· Posted by: erik ) on Sat, Nov 3, 01 at 23:52
I have two gardenias, one is low to the ground about a foot high and 2 feet wide, the other is taller ( a different variety, what I don't know - I always throw those tags away) about 3 ffet high, 2 feet wide. The little bugger is great, but the big guy is getting real skinny, leaves are turning yellow, yellow leaves are sprouting with green veins- what's going on? Well I thought it was a lack of water (I'm not a smart man) and flooded the sucker every night this summer - well I guess I was wrong. I came on this site looking for insite on how to fix it, and I just went outside and dumped the old coffee grinds from this morning around it...hope it works - guess I'll try some miracid too. The little guy is great though, and as I was dropping the grinds looked at him and he had a bloom - so I picked it, inhaled it, absolutely shook with delight from the smell, put it in a cup with water and put it next to my sleeping wife, so she could have sweet dreams. There is nothing like the smell of a gardenia - it is what heaven will smell like.

· Posted by: ismailju ) on Sat, Nov 10, 01 at 6:03
I've been lurking here for a while since I need more plant advice than I have to offer. You guys have helped me to grow and propogate my hisbiscus with great results -- thanks! With regards to the gardenia, all I can say is yikes! I had no idea what I was getting into when I too was lured by the scent of the gardenia at the nursery the other day. We always had gardenias around when I was growing up in southern Louisiana and didn't do anything special for them. It sounds like they like heat and humidity though and they would have gotten plently of both in Louisiana. I have no idea what zone I am in. I am currently living on the Arabian Peninsula in the UAE. My gardenia is in a pot, in ordinary run of the mill potting soil in a northeast facing so it gets full morning sun and then shade the rest of the day (hibiscus also here). It is fairly humid here most of the year so that should be okay. I guess I'll have to see what is TOO hot for it -- it can get up to 120F + here in the summer months!!! It's only been 2 days since I brought the gardenia home and it has 3 buds on it. I'll have to check in later on to let you know if it has followed in the way of it's suicidal brethren. Good luck to all of us!!! Jennifer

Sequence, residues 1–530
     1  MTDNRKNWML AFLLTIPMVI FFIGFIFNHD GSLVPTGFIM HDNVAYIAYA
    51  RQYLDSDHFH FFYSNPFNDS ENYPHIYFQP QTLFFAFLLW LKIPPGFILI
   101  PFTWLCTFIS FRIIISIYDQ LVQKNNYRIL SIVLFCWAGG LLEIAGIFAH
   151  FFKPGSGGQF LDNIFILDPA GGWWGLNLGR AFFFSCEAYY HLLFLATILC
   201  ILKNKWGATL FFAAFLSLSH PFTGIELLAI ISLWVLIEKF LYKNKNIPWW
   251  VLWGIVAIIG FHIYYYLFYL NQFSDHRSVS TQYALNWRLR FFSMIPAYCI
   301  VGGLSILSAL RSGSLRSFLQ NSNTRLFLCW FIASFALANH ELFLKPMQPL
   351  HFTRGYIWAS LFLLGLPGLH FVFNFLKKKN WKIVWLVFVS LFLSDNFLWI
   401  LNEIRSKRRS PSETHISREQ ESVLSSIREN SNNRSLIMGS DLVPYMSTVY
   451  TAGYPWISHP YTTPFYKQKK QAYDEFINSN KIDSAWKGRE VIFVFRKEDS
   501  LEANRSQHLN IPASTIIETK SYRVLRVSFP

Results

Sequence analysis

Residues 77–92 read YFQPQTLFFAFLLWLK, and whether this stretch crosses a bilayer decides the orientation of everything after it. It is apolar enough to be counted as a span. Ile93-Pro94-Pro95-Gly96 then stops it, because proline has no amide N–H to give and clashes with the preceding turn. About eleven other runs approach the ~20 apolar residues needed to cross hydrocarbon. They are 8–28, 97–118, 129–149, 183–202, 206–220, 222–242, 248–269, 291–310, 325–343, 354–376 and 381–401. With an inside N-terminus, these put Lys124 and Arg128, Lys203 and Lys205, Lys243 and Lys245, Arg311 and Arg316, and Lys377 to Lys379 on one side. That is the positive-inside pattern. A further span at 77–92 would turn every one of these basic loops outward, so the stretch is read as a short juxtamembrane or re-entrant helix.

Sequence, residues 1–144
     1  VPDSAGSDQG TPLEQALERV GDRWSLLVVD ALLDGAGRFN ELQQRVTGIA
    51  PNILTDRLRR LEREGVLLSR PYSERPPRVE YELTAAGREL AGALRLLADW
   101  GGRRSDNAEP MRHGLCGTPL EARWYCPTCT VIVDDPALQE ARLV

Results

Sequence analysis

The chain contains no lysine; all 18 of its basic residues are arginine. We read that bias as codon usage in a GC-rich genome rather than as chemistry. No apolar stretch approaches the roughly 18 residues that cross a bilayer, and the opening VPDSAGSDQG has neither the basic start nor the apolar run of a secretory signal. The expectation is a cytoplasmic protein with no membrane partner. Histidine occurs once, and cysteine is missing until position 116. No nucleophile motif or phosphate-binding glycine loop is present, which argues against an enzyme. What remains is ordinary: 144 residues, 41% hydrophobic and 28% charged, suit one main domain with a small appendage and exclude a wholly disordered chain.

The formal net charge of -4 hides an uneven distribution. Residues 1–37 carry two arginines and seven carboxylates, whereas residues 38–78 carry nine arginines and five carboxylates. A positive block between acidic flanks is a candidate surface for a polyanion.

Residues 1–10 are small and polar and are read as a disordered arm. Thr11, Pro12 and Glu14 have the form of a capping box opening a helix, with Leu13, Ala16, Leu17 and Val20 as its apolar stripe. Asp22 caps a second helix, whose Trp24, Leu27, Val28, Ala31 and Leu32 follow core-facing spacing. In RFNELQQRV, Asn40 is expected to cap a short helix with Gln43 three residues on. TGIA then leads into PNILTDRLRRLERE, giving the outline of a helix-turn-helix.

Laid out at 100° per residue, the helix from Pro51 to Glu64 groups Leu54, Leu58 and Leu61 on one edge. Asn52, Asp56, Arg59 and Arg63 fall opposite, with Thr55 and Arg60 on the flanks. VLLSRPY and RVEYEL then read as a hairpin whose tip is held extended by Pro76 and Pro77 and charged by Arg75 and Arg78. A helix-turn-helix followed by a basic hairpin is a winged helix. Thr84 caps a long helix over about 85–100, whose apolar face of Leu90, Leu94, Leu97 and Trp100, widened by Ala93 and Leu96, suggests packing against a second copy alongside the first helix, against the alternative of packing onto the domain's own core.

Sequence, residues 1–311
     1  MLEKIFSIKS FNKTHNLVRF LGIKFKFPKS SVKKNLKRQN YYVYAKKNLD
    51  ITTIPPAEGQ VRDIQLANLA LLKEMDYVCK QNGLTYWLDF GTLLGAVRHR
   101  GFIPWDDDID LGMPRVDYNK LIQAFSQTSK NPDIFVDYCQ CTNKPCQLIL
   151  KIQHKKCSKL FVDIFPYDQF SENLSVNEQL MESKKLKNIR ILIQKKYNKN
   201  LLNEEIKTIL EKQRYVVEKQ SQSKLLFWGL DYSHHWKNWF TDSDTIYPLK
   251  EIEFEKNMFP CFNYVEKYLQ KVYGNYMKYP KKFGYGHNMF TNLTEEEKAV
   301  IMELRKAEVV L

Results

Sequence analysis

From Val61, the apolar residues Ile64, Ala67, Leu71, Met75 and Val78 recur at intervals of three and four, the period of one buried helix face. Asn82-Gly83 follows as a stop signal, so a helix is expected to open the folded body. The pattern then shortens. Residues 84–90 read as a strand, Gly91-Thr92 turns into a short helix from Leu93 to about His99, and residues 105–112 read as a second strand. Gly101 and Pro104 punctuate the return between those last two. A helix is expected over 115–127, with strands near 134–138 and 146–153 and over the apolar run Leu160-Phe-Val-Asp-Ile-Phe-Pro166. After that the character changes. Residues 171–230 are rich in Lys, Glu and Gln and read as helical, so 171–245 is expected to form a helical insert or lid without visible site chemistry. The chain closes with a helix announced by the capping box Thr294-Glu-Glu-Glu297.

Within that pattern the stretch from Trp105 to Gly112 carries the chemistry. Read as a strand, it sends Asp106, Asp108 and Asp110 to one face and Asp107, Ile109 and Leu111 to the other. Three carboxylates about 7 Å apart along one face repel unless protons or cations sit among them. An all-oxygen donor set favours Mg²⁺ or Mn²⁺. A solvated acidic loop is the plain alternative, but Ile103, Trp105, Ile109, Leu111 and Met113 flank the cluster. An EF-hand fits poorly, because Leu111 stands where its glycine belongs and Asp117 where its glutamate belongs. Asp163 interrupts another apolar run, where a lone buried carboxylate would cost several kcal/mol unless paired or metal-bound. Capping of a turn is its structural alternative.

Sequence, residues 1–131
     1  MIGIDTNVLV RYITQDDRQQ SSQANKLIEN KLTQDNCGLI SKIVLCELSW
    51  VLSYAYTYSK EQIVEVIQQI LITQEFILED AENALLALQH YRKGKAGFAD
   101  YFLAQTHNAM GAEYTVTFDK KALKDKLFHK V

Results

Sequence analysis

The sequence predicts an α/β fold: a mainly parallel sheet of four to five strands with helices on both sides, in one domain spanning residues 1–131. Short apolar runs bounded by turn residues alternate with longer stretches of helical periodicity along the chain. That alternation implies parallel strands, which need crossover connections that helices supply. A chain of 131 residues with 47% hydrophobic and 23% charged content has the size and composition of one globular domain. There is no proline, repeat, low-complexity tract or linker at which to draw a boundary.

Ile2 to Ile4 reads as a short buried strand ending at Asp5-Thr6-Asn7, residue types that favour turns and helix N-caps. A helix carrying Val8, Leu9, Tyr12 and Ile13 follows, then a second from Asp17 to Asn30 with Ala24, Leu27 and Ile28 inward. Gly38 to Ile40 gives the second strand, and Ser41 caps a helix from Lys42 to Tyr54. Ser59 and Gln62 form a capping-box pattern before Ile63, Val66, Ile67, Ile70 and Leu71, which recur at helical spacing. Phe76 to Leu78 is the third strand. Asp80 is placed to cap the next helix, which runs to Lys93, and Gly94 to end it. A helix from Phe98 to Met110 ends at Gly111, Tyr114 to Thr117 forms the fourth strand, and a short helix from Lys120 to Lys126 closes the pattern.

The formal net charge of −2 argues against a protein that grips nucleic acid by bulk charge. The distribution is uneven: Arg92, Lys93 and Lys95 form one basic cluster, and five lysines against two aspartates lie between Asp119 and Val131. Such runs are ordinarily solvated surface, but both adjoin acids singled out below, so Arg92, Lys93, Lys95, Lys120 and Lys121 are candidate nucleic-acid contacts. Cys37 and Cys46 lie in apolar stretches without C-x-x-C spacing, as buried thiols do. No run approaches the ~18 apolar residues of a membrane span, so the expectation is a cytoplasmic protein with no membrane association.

· Posted by: dplantlady 6A ) on Sun, Nov 18, 01 at 11:09